Heroin Addiction Treatment – Addressing America’s Biggest Drug Problem
Heroin is an opiate (opioid). With opioid abuse at an all-time high, heroin addiction treatment has never been needed more than right now. It is a highly addictive drug processed from the poppy plant. It is typically sold as a white or brownish powder that has been reduced with sugars, starch, powdered milk, or quinine.
Twenty years ago only serious “junkies” used it on the streets of New York, Chicago and Los Angeles. Today, use has reached every social strata and age group in America. Just recently, the sweet little state of Vermont, maple syrup capital of the world, was struck by the epidemic among the young people there.
Evidenced-based treatment methods have proven to be the most effective in successfully treating opioid abuse. Here is a good resource for more information about evidenced-based therapy. These are 2 primary signs of abuse:
- Tolerance—more of the drug is needed to achieve the same “high”
- Dependence—the need to continue use of the drug to avoid withdrawal symptoms
There are a wide range of therapies and treatments for opioid abuse. The most effective methods are a combination of behavioral therapies, such as cognitive behavioral therapy (CBT) and motivational enhancement therapy (MET) and the proper applicable medication.
Recently approved FDA medications for relieving the cravings to use include buprenorphine and methadone. Both work by binding to the same cell receptors as heroin but more weakly, helping a person wean off the drug and reduce craving. Another medication is Naltrexone, it blocks opioid receptors and prevents the drug from having an effect on the brain.
If a user stops using the drug, they will experience severe symptoms of withdrawal or worse. Withdrawal from opiates can occur whenever any chronic use is discontinued, or even reduced.
Users also experience severe craving for the drug during withdrawal, precipitating continued abuse. Withdrawal symptoms can begin as soon as a few hours after the last usage. When the person stops taking the drug, the body needs time to detox, resulting in withdrawal symptoms. Major withdrawal symptoms peak between 48 and 72 hours after the last dose and typically subside after about a week. Some individuals may show psychological withdrawal symptoms for months.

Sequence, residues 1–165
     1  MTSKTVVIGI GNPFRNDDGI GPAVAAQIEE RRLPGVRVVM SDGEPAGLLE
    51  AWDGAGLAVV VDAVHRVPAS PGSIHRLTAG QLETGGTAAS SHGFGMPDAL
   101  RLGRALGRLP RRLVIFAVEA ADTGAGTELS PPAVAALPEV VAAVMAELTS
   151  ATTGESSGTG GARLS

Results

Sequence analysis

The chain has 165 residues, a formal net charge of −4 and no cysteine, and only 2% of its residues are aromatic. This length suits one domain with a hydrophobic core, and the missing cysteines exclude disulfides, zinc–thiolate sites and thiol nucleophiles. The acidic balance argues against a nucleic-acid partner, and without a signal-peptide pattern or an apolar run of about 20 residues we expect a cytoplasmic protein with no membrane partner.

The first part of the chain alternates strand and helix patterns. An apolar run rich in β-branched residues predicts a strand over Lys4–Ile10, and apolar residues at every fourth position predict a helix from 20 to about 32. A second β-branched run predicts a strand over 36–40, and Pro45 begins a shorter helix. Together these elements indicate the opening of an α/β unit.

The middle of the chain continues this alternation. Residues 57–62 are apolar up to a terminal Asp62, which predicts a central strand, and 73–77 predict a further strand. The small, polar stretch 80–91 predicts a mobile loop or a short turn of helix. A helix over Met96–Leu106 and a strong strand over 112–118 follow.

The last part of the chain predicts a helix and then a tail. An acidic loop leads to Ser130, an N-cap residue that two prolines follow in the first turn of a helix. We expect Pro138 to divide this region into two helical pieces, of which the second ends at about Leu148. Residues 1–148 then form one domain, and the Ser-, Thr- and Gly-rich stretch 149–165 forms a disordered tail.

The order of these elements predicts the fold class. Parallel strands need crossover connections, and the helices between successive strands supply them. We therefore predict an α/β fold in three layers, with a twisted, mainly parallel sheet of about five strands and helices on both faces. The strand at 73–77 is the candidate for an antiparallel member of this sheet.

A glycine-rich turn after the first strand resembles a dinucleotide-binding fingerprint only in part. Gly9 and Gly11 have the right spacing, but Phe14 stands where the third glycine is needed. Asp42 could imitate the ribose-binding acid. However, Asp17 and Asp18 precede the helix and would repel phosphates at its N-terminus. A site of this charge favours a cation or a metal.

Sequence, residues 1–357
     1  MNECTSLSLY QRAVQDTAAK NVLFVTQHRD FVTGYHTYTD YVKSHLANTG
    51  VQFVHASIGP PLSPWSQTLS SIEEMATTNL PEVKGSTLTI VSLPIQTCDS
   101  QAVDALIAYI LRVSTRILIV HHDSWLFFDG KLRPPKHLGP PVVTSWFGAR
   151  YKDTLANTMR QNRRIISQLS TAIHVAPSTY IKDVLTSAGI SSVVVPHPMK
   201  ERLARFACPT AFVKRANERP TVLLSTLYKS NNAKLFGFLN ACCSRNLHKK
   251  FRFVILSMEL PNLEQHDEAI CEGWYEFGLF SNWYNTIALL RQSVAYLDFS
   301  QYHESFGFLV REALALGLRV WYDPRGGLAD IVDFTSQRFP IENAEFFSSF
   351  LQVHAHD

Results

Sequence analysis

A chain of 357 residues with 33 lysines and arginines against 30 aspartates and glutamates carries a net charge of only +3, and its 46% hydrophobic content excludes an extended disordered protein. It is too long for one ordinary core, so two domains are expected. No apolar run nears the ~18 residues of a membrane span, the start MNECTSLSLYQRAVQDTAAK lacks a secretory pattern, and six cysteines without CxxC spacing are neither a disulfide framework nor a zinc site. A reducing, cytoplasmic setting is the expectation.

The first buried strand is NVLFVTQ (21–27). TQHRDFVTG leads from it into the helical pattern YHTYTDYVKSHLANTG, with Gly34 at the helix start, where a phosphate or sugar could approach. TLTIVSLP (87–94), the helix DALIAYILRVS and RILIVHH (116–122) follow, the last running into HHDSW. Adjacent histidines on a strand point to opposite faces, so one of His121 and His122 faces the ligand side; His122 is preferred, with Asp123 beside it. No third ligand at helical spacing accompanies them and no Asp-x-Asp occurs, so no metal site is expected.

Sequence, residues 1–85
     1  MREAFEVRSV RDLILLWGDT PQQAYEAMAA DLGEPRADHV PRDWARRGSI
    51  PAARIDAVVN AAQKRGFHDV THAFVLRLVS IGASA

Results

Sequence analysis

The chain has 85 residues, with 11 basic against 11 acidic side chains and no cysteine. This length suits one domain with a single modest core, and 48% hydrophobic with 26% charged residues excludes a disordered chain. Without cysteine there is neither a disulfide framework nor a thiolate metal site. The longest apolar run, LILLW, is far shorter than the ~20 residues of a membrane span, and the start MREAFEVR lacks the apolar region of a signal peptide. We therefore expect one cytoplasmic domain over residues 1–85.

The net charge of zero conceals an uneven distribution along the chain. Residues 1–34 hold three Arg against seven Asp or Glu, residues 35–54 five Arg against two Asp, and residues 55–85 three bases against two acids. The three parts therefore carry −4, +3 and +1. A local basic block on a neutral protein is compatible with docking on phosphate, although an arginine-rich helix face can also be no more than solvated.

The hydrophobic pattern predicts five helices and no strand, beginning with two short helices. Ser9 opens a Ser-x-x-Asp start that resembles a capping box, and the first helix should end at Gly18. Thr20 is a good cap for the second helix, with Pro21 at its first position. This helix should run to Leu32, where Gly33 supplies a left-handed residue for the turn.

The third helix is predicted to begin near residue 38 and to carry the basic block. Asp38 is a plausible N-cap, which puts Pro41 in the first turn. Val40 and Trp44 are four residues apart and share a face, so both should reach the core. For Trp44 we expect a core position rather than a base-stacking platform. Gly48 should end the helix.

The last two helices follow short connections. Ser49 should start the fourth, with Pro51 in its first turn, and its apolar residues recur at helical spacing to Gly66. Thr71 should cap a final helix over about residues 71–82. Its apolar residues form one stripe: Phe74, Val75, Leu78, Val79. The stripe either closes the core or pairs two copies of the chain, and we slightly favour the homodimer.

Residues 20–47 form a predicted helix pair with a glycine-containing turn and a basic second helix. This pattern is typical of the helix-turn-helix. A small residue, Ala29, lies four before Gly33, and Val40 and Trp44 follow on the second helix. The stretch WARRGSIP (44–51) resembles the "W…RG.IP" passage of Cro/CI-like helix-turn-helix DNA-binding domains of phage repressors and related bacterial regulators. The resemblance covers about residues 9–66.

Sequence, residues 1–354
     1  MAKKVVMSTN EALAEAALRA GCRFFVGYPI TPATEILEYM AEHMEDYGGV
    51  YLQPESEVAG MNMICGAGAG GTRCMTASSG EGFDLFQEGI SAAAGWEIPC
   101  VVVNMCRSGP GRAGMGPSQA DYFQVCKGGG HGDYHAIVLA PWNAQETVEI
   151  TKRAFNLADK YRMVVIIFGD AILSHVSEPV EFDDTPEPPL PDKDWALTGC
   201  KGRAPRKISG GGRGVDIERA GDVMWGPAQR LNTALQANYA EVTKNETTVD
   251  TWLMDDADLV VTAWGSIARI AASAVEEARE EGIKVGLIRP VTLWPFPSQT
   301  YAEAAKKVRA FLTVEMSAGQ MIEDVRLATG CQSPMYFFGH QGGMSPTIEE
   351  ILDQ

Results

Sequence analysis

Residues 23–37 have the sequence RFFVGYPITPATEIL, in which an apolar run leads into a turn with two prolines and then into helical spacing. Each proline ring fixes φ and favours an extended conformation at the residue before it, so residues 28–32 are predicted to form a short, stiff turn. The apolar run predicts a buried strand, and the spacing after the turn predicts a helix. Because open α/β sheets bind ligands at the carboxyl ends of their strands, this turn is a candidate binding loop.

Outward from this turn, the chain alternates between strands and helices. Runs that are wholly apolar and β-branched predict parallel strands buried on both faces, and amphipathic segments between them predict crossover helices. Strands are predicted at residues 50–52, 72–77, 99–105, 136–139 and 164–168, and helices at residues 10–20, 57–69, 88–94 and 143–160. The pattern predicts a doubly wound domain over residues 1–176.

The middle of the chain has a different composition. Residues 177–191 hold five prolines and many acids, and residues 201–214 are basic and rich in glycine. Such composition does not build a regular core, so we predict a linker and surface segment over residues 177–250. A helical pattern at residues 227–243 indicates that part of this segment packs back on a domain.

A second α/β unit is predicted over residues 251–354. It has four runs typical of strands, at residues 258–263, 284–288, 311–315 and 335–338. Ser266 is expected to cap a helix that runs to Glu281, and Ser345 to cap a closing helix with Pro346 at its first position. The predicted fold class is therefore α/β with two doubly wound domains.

- Watery Eyes
- Dilated Pupils
- Muscle Aches
- Stomach Cramps
There is overwhelming evidence medication-assisted treatment (MAT) is the most effective therapy for opioid abuse recovery. Suboxone is a prescription drug method which does help opioid addicts recover.
“…Medication-Assisted Treatment (MAT) is the use of medications, in combination with counseling and behavioral therapies, to provide a “whole-patient” approach to the treatment of substance use disorders. Research shows that a combination of medication and therapy can successfully treat these disorders, and for some people struggling with addiction…”
When heroin enters the brain, it binds to cells known as opioid receptors. These receptors are located in many areas of the brain and body, especially areas involved in the perception of pain and pleasure.
- Regular use changes how the brain functions
Short-term effects of heroin include a rush of good feelings and clouded thinking. For the first several hours after taking heroin, people want to sleep and their heart rate and breathing slow down. When the drug wears off, and their body goes into withdrawal, people often feel a strong urge to take more.
Pure heroin is a white crystalline powder with a bitter taste that predominantly originates in South America and Asia. Heroin can be snorted or smoked. Heroin, is also known on the street as;
How It’s Used
Users generally ingest the drug by injecting, snorting, or smoking it. Injecting it releases the drug directly into the bloodstream. Snorting is the process of inhaling heroin powder through the nose, where it is absorbed into the bloodstream through the nasal tissues. Smoking involves inhaling heroin smoke into the lungs. All three methods of administering heroin will lead to addiction and severe health problems.
- “Black tar” heroin is sticky and most often produced in Mexico
With regular heroin use, gradually the user builds up a tolerance. This means the abuser must use more heroin to achieve the same intensity of effect. Heroin use will eventually cause chemical changes in the brain, resulting in addiction.
Heroin is becoming an increasing concern in areas where lots of people abuse prescription opiates and painkillers.
Prescription opiate pain medications are in the same classification as heroin and therefore have a similar effect. Research now suggests people who abuse these prescription pills may be opening the door to heroin abuse.
- It is estimated that about 23 percent of individuals who use heroin become dependent on it.
- According to a recent government survey, 4.2 million Americans aged 12 or older have used heroin at least once.
In three recent studies nearly half of young people who admitted injecting heroin stated they were abusing prescription opiates before they started using heroin. This would seem to be because heroin is cheaper and easier to obtain than prescription drugs. Many of these young people also report that crushing prescription pills to snort or inject the powder provided their initiation into using heroin.
Once someone realizes they need heroin addiction treatment, they need to know what are the steps necessary to get into the process called treatment, rehab & recovery. Use our free nationwide database to help you find the right rehab program. See also our list of the best drug rehab centers in the U.S.